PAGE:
June 24, 2024 4:36 am

Life, the Videogame: Run Lola Run
Life, the Videogame: Run Lola Run

Life, the Videogame: Run Lola Run

The success of “Pulp Fiction” inspired a flood of films and a fair number of TV shows; I recently wrote about one of them for this site, 1999’s “Go.” But one of the many things that’s fascinating about the “Pulp Fiction” derivatives is that they all zero in on a different aspect of Quentin Tarantino’s hit crime thriller and spin it out into something different. “Go” seemed most intrigued by the ability to jump around in time and space, and examine different parts of the same ensemble narrative in the manner of an early Internet user discovering that they could click on a hypertext link and be taken to a new, self-contained page—as in the second story in “Go,” which takes viewers to Las Vegas for a half-hour interlude, after leading them to believe that the story would focus on character in Los Angeles. 

German filmmaker Tom Tykwer’s art house action movie “Run Lola Run,” released a year before “Go” and four years after “Pulp Fiction,” goes its own way, and becomes more of a “butterfly effect” or “sliding doors” narrative that explores how changing one seemingly minor detail in a narrative (or a day in the life) changes everything else, too. The story is broken into three discrete sections that make the totality feel like an anthology of short stories. But rather than enlarge the scope of the narrative, the structure creates variations. That lends what might otherwise have been just a technically brilliant race-against-the-clock movie an undertone of playful philosophical rumination.

The title character, played by Franke Potente, is a young Berlin woman whose boyfriend Manni (Moritz Bleibtreu) was coming to town on a train to deliver a bag containing 100,000 Deutschmarks to his criminal boss Ronnie (Heino Firch), then panic-fled when he saw ticket inspectors and left the bag behind. (It was taken by a homeless man, who will show up again in the film.) Manni calls Lola and tells her that his boss is going to kill him in the next 20 minutes as punishment for his failure, so he’s going to rob a supermarket to replenish the funds. 

Lola bursts into action and heads to the bank where her father is a manager to ask for help, but the plan doesn’t work and she ends up joining Manni at the robbery. This section  of the movie ends tragically. The other two episodes replay the main story but elaborate on it differently and have their own outcomes. The film’s opening narration establishes that “Run Lola Run” is concerned with determinism versus autonomy, and won’t be giving viewers definitive answers to the questions it poses. (Significantly, the score by Reinhold Heil and Johnny Klimek, who would go on to do music for HBO’s “Deadwood,” quotes composer Charles Ives’ “The Unanswered Question.”)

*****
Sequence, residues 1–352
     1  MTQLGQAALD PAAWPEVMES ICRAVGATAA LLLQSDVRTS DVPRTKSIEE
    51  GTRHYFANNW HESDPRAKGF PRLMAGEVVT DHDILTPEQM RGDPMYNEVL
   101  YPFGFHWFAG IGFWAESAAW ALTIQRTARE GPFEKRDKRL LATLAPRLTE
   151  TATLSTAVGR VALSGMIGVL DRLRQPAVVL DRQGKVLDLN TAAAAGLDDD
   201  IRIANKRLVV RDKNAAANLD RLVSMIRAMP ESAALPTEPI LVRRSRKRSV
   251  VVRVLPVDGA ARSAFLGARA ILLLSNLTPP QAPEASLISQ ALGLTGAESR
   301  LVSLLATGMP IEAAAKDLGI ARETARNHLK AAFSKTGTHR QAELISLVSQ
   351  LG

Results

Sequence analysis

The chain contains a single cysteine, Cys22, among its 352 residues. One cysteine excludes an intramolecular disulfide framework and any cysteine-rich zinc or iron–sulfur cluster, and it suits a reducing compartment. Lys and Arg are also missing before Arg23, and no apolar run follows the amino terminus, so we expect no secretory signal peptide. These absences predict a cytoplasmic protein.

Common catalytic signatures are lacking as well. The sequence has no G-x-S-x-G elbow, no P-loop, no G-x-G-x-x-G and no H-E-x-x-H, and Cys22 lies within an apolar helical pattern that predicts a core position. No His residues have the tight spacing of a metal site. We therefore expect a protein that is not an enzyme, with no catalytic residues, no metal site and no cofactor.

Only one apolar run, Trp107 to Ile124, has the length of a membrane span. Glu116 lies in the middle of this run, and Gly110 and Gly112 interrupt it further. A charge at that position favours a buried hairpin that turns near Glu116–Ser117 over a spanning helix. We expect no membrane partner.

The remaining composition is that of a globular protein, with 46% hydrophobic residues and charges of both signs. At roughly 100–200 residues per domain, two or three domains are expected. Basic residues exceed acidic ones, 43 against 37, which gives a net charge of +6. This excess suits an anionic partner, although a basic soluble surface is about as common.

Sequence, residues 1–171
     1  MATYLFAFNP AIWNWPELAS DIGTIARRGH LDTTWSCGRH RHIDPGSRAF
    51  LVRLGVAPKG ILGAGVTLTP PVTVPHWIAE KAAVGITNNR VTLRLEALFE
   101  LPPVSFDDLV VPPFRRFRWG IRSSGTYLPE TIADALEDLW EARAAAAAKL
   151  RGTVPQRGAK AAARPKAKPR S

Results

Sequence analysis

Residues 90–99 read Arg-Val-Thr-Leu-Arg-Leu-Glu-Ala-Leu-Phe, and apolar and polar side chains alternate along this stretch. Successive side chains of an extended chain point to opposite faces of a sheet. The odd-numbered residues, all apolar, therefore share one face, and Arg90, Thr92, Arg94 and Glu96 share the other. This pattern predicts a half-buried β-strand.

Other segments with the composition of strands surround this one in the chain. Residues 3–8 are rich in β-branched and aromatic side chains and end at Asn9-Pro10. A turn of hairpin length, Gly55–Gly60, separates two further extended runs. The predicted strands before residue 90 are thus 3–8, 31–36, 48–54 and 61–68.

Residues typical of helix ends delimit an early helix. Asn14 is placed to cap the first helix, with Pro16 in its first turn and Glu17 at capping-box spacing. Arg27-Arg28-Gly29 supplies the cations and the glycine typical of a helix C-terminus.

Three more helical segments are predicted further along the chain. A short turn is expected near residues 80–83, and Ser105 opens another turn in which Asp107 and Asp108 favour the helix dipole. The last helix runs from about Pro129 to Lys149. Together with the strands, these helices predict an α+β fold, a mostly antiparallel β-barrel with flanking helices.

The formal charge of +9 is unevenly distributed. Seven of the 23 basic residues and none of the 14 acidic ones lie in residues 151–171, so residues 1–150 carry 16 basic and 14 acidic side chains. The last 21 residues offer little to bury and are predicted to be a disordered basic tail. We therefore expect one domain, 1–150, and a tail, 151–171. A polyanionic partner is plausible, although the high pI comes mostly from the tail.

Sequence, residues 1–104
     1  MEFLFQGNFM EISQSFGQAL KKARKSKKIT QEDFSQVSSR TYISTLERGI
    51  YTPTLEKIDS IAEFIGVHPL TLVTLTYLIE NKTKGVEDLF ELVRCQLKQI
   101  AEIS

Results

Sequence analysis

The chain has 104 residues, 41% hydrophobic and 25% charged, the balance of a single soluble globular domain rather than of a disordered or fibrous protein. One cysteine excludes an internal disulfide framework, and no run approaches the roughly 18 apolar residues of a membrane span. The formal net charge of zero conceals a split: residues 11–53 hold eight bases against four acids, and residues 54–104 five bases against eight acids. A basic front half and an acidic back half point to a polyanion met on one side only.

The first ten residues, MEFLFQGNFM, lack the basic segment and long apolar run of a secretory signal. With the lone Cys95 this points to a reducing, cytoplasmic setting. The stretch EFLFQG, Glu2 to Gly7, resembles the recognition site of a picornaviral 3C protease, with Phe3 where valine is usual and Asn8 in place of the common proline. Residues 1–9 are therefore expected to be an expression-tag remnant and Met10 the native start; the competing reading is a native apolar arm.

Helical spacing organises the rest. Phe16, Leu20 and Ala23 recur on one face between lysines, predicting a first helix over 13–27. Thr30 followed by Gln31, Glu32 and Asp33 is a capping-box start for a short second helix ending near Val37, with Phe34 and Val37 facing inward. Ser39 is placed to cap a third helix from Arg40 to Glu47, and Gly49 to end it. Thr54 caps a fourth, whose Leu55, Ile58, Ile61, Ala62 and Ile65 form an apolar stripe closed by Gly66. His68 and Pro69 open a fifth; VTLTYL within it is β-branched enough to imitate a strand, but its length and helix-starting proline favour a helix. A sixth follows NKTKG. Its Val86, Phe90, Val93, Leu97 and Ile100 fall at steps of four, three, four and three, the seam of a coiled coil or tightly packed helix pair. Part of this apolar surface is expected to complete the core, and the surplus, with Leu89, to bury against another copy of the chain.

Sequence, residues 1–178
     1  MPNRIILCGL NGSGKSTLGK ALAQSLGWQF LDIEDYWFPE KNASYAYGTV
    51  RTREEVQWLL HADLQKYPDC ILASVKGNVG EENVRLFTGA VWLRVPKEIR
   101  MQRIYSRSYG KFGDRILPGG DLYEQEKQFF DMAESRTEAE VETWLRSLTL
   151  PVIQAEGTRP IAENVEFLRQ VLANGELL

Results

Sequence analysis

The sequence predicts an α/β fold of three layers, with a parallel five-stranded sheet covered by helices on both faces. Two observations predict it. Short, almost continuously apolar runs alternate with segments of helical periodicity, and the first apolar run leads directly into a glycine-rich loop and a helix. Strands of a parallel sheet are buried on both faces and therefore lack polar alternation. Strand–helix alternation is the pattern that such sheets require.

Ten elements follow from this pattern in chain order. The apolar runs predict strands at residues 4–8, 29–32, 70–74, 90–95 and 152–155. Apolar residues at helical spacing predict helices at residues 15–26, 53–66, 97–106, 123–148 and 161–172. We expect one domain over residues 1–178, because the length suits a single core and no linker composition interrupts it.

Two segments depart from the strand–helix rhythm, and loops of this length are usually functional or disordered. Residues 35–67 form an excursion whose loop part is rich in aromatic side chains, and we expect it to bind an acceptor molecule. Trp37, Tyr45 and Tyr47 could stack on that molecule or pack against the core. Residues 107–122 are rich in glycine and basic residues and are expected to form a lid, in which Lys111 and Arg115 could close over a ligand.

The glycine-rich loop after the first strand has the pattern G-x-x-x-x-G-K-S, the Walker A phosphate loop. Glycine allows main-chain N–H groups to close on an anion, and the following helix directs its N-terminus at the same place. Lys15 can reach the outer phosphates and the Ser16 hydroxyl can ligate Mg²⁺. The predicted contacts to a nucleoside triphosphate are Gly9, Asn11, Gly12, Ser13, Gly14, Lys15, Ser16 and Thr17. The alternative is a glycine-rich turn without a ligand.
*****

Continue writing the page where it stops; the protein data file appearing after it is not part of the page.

The most important moment in the opening section, possibly the most important in the movie, is fleeting: while racing downstairs from her apartment, Lola passes a young neighbor with a dog, and the film shifts into animation. This encounter will be replayed three times: the second time, the dog’s owner trips Lola and she falls, but the third time, she jumps over his extended leg. As Lola runs through the city she’ll pass other strangers, and we’ll sometimes see a swiftly edited parenthetical sequence of “flash-forward” still photographs showing how that person’s life changed as result of briefly encountering Lola. 

And yet this is not a film in which things exclusively happen to people. Nor is it about the effects of people actively doing things. Yes, a lot happens to people—in some cases, to people who have little or nothing to do with the main narrative of Lola trying to save her boyfriend’s life. But as you watch the whole thing with its three variations, you can feel the tectonic plates of the main story shifting and drifting. The totality of “Run Lola Run” feels like an exercise in learning or problem-solving, even though there’s no way Lola that could “learn” from a story that resets itself each time, always restarting with Manni’s phone call and seemingly negating what you previously watched, like a writer in the pre-Internet era deciding that the page of the novel that they’re typing at that moment is not working, angrily ripping it from the typewriter, crumpling it up, and tossing it into a wastebasket.